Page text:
Findings and Conclusions


Given the Ombudsman’s statutory role and responsibility and the extensive review involved in the investigation, this report focuses on those polices, procedures, or practices the Ombudsman found to be questionable or inappropriate, and could be improved or strengthened.  It should be noted the Ombudsman found many actions or decisions by DHS workers to be appropriate.  There were also some actions or decisions about which the Ombudsman could not make any findings or reach any conclusions, given the evidence that was obtained or was available.


The Ombudsman found a number of instances when DHS staff did not respond appropriately or could have responded differently to concerns raised about Shelby.  These instances relate to the way reports and intakes were handled and the way assessments were completed.  However, the Ombudsman did not draw any conclusions whether and to what extent Shelby could have been protected from the abuse that ended her life.


The Ombudsman believes many of these instances are indicative of the need for certain policy and practice changes or improvements within DHS and in the way DHS interacts with components of the child protection system in Iowa.  They may also be indicative of larger, more system-wide problems within Iowa’s child protection system.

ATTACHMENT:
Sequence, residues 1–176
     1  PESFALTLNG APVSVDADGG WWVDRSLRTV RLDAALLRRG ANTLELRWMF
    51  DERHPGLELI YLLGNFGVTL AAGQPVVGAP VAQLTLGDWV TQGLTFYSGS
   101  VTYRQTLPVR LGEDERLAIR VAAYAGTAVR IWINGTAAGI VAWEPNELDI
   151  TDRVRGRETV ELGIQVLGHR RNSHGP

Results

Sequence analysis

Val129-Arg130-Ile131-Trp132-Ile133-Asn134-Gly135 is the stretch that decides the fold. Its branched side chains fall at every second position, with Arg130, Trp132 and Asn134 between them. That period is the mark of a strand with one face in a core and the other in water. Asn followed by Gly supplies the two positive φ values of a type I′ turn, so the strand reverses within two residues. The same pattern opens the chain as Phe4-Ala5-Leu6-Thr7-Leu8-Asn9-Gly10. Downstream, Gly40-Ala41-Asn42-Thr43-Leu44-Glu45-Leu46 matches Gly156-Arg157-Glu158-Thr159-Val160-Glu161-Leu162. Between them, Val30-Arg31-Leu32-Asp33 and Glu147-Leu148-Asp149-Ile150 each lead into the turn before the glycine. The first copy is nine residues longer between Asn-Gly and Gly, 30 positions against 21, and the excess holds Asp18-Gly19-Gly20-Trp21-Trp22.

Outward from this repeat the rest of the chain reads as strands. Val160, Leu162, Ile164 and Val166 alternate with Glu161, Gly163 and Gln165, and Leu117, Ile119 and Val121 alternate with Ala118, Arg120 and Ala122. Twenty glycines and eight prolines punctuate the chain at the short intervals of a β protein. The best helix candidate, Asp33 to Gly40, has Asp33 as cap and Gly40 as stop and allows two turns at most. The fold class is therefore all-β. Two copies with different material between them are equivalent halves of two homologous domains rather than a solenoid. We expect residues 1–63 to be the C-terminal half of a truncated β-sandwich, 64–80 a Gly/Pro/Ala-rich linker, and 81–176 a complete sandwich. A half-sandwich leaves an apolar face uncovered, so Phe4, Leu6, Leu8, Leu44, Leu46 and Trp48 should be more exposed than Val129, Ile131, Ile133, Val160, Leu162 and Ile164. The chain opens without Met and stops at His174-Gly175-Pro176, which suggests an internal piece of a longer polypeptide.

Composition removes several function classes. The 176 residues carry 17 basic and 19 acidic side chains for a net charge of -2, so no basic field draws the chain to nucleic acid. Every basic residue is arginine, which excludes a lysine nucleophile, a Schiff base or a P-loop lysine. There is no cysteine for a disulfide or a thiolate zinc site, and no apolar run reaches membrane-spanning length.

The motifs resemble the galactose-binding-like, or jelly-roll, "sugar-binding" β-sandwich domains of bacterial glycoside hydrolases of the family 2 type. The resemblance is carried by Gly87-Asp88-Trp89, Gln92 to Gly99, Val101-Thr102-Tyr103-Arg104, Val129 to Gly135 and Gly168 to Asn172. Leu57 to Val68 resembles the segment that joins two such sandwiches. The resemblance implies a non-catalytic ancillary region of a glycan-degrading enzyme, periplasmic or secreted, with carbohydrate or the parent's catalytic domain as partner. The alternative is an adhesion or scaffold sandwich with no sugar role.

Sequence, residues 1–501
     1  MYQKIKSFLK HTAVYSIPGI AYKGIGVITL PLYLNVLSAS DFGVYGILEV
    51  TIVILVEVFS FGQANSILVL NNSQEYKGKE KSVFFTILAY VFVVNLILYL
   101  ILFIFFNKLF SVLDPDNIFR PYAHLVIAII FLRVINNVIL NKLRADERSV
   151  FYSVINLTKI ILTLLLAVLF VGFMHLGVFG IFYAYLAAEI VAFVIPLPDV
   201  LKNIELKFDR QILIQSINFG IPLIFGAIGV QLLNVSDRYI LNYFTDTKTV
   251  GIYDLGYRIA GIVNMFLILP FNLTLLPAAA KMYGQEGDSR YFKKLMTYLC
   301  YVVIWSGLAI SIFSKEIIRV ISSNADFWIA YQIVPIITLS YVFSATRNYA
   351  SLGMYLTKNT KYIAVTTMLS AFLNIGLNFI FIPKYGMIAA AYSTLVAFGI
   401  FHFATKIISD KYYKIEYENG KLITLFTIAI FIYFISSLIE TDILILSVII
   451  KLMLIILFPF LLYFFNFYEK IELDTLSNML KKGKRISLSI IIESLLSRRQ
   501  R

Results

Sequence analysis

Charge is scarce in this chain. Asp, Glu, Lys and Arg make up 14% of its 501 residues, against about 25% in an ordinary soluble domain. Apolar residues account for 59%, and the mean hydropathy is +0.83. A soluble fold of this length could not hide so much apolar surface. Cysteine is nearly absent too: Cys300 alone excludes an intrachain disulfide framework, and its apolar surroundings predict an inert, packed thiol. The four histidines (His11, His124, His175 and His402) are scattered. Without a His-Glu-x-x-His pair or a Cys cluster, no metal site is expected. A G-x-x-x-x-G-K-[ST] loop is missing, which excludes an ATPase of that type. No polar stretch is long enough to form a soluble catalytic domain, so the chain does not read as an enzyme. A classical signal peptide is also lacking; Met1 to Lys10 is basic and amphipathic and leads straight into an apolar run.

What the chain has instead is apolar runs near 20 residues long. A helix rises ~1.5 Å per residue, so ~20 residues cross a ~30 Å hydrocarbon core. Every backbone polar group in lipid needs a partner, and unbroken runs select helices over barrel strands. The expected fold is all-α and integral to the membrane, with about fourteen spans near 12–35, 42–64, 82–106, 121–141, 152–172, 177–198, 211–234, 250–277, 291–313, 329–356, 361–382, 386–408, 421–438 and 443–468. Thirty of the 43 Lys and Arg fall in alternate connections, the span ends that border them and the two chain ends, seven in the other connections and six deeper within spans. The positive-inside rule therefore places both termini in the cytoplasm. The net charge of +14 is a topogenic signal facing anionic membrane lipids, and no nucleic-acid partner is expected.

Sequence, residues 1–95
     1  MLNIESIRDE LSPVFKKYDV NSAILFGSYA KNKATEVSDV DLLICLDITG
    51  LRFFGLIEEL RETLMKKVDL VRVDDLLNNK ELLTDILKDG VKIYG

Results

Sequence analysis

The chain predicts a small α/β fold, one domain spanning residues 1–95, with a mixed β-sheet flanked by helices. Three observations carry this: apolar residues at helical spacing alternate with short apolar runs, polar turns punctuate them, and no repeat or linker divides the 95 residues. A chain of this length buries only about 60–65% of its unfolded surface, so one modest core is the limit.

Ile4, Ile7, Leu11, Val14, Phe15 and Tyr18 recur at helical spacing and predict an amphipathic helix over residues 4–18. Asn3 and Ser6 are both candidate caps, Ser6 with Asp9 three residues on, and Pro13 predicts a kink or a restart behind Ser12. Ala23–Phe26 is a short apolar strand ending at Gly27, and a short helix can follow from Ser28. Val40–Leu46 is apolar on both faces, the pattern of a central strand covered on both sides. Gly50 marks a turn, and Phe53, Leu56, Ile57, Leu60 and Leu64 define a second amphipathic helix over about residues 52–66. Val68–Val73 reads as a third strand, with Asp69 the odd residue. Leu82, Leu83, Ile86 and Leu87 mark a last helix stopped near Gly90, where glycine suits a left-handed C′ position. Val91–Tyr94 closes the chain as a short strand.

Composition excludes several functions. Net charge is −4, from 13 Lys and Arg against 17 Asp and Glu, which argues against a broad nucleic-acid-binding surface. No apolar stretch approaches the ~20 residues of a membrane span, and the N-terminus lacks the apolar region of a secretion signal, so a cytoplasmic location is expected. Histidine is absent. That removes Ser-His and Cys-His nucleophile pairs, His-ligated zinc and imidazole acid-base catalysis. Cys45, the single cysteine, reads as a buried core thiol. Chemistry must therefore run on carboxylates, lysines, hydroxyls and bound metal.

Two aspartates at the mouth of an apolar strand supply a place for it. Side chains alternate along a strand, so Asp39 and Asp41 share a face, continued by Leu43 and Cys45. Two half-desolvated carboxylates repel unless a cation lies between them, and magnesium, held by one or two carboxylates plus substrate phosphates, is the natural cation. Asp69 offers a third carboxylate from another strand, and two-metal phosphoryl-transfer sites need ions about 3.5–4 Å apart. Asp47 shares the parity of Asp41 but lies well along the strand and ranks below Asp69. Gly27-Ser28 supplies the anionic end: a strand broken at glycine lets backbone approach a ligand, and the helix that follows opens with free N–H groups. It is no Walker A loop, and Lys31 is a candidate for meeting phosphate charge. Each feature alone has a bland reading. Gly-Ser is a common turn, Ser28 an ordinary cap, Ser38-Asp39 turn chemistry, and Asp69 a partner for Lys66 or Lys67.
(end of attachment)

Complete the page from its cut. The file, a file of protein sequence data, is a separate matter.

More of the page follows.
While many of the problems identified in this report can be characterized as practice problems and addressed by training and supervision, the Ombudsman believes those problems can also be reduced by modifications or clarifications of policy and by a systemic change to the reporting and intake process.  Streamlining how reporters interact with the DHS child abuse system and dedicating a centralized unit of uniformly trained intake workers would go a long way toward resolving individual differences and regional variances found in the current decentralized intake system.  It could ensure consistent, accurate, and appropriate responses to the initial reports of child abuse or neglect.  Structural reorganization coupled with certain policy changes could reduce the instances of policy and practice shortcomings identified in this investigation.